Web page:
The description states:  "Welcome to ColddBox Easy, it is a Wordpress machine with an easy level of difficulty, highly recommended for beginners in the field, good luck!

    I've been looking for a little mindless hacking because I'm sandwiched between a couple of red team courses that are making my brain hurt.  I've actually been refreshing the Vulnhub page for a few days now hoping they'd dump some new boxes.  I also have a new box in that list as well.  The last two were huge successes and the feedback I got was pretty amazing.  Anyway, enough about that, we kick off with Nmap:

    The very short description sates:  "Difficulty: Easy, Flag: 2 (user & root), Enumeration | Brute Forze"

    Let's start off with the obvious, we know there's going to be brute force involved.  Let me also say that if you're going to make a vulnerable machine, don't bury the password deep into rockyou because it doesn't add value to the experience, it only prolongs the process. 

    Enough said, let's kick off with Nmap:

    This was an interesting situation where I thought I was retrieving a token using XSS, like (document.cookie), but instead the token was located in LocalStorage.  Obviously, you need to know the key name but since I had the application, I had that information.  Pushing aside the XSS part, the meat is here:

    With each new tool that pops up on the Internet, there's a/v signature written within the very near future of its birth to detect and remove it.  For example, PowerSploit's PowerView which is described as:  "a PowerShell tool to gain network situational awareness on Windows domains."  Technically, there's nothing malicious about this tool as far as I can tell other than its purpose is primarily used for hacking.  When downloaded to a system with endpoint protection, the PowerView script is immediately removed.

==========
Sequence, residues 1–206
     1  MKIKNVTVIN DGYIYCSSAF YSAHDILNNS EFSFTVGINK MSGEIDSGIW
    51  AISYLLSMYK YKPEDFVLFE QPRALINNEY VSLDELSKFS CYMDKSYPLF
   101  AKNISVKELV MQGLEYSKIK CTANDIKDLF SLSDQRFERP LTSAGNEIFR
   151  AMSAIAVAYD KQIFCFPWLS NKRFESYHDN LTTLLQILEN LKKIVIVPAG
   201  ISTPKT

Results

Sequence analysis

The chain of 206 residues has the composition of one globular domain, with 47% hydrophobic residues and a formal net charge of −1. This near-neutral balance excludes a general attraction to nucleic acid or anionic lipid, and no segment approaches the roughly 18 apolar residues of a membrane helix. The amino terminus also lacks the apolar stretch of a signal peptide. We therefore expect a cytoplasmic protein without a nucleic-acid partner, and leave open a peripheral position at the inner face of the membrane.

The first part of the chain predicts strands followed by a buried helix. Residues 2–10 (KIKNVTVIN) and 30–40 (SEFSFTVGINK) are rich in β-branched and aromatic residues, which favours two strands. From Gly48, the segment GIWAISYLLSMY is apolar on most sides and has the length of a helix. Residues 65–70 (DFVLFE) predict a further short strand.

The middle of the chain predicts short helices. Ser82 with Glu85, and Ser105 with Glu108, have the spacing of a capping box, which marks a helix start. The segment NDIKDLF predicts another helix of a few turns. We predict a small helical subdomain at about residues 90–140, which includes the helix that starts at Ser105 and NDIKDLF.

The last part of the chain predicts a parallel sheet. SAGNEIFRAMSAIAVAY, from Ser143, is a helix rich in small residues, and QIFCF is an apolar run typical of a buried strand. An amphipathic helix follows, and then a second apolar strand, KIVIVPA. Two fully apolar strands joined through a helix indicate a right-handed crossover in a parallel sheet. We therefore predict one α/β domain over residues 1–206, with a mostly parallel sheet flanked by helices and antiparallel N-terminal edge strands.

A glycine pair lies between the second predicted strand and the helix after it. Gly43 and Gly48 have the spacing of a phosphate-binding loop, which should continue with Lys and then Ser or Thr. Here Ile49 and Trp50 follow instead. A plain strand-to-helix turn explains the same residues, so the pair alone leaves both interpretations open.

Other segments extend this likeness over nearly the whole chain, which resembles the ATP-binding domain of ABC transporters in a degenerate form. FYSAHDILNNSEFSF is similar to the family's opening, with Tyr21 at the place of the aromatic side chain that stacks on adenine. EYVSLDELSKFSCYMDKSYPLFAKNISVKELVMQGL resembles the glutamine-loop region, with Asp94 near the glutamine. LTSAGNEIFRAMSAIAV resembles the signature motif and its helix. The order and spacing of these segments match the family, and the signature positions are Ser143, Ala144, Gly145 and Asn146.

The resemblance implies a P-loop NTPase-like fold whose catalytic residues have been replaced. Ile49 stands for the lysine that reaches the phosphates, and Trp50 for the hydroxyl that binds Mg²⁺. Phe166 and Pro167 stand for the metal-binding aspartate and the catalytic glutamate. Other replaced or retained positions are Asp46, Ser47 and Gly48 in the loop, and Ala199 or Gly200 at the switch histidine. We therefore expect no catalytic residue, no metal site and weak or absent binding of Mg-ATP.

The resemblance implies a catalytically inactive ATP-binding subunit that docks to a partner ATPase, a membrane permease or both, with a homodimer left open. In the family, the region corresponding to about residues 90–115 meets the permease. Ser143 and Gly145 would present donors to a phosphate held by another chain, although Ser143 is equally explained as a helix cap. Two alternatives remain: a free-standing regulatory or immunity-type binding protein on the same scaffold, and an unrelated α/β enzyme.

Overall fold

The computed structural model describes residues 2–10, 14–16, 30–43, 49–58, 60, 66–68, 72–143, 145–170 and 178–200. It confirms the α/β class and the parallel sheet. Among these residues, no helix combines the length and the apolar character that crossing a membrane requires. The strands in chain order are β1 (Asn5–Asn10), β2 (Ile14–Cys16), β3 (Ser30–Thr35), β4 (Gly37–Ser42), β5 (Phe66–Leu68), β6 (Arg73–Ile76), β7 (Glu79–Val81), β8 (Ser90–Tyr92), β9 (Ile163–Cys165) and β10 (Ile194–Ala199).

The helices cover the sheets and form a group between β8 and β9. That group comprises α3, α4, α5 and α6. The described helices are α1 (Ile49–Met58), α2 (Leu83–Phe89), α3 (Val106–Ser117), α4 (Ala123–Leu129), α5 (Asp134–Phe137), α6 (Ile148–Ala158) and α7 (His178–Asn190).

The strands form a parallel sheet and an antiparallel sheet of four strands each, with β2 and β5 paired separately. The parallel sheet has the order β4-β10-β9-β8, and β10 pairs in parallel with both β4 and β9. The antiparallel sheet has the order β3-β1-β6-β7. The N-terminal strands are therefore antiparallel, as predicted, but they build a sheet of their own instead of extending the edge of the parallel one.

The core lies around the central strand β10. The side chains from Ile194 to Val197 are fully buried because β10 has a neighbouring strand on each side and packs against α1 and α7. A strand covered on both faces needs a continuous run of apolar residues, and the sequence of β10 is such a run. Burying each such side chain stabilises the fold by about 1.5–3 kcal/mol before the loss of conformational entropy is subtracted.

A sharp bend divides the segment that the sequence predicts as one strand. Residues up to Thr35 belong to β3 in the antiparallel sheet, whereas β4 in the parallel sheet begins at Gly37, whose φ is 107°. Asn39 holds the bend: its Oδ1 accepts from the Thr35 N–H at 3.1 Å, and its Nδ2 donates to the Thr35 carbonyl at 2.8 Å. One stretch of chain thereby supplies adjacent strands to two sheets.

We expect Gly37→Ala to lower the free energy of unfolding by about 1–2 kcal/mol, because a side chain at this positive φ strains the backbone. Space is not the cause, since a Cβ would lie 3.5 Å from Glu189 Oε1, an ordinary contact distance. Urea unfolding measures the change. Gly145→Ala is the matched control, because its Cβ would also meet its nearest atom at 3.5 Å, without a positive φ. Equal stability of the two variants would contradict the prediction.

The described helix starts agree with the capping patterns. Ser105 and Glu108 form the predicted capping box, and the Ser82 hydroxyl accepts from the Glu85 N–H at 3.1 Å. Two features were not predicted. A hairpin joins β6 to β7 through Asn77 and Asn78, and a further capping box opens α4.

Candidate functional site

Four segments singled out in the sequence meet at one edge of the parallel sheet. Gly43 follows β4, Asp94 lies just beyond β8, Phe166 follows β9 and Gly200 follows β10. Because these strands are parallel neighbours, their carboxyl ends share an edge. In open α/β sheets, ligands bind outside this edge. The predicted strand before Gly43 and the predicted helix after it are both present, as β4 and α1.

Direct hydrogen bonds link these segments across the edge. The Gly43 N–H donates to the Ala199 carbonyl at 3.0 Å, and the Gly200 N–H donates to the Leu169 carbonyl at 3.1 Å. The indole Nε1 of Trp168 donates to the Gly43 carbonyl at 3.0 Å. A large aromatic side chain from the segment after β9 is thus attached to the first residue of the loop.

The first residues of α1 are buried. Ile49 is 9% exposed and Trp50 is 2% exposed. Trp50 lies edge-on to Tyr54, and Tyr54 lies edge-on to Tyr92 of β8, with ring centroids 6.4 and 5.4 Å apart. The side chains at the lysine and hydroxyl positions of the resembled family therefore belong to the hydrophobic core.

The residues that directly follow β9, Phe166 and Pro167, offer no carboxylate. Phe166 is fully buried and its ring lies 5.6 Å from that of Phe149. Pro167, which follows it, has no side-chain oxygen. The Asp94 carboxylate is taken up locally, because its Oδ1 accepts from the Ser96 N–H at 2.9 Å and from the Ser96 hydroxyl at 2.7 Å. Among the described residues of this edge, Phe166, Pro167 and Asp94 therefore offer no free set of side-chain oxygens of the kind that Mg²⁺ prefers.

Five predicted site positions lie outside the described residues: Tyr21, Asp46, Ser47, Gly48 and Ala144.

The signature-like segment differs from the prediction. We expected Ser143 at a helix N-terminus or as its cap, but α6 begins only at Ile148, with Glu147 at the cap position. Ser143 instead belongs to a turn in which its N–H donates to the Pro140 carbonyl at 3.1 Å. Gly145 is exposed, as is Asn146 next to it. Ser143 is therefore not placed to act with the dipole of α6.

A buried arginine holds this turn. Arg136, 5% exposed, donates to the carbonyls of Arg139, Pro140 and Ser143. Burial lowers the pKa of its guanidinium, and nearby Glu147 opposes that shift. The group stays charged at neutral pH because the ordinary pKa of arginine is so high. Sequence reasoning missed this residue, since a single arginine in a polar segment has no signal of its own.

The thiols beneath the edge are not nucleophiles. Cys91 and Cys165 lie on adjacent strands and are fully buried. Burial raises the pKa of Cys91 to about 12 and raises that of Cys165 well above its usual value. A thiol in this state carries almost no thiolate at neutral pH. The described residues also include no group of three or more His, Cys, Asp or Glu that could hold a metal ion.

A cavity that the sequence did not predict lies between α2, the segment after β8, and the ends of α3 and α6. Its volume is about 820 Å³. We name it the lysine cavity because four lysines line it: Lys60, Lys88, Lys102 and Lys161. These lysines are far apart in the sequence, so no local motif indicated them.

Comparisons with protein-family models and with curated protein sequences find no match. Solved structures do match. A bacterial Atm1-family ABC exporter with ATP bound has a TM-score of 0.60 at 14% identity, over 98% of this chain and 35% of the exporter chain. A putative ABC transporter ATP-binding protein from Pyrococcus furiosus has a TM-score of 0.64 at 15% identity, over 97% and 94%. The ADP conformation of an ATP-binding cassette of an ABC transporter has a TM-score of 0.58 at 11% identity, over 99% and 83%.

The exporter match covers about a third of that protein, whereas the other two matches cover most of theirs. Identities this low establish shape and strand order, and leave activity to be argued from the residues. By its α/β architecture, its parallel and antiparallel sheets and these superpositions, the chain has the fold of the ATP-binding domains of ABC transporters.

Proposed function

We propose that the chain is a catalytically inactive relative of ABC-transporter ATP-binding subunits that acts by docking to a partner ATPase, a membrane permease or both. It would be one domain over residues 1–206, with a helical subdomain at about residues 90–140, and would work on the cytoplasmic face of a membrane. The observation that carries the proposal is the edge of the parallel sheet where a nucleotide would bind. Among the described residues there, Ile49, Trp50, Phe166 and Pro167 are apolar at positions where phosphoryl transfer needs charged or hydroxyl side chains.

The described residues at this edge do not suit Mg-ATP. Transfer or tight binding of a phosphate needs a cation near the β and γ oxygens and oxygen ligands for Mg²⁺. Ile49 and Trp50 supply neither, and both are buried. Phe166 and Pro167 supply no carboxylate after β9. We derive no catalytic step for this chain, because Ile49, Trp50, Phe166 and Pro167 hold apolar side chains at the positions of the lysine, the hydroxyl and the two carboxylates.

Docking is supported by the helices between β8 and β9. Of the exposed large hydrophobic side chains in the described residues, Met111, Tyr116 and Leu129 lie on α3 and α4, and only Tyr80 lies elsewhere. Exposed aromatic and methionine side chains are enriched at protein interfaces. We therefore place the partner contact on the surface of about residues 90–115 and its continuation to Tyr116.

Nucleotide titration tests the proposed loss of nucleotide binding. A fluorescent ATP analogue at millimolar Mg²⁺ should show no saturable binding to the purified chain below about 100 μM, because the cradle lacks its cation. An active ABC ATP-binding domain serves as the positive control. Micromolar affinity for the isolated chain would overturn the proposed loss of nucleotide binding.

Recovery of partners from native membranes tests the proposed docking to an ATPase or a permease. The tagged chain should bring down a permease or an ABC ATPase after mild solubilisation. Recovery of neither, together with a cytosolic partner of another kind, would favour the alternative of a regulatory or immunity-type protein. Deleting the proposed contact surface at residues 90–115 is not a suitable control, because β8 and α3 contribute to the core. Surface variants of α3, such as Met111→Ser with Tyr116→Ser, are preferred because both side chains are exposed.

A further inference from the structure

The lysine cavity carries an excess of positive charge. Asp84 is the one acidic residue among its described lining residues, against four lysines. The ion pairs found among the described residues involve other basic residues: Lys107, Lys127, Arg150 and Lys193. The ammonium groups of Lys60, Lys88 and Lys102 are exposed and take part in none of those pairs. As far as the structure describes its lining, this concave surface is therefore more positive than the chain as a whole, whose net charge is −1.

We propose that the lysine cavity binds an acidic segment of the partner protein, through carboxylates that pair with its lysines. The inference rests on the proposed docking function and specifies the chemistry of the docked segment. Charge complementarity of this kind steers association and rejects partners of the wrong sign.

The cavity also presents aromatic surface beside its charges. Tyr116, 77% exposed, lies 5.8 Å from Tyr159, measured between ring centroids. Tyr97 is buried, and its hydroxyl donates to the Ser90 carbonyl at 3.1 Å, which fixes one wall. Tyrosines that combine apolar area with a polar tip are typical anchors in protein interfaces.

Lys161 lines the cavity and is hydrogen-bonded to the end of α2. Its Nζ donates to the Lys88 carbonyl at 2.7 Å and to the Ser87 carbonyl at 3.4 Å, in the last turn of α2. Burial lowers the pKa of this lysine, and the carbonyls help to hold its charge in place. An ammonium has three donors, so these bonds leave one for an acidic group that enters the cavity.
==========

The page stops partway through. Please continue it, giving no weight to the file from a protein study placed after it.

Not that I've looked under the PowerView hood but I can imagine it's making calls to existing commands and presenting the output to us.  I'm a huge proponent of living off the land because we're using the system against itself and as far as endpoint protection, we'll go unnoticed.  That's not to say that alerts aren't written for PowerShell execution but that's a separate issue. 

    I belong to a few business networking groups and I’m frequently asked – “Who is your ideal customer?”  Normally, I answer that question in generic terms but I was recently at a presentation given by a local HR benefits provider and my answer to that question changed the following week. 

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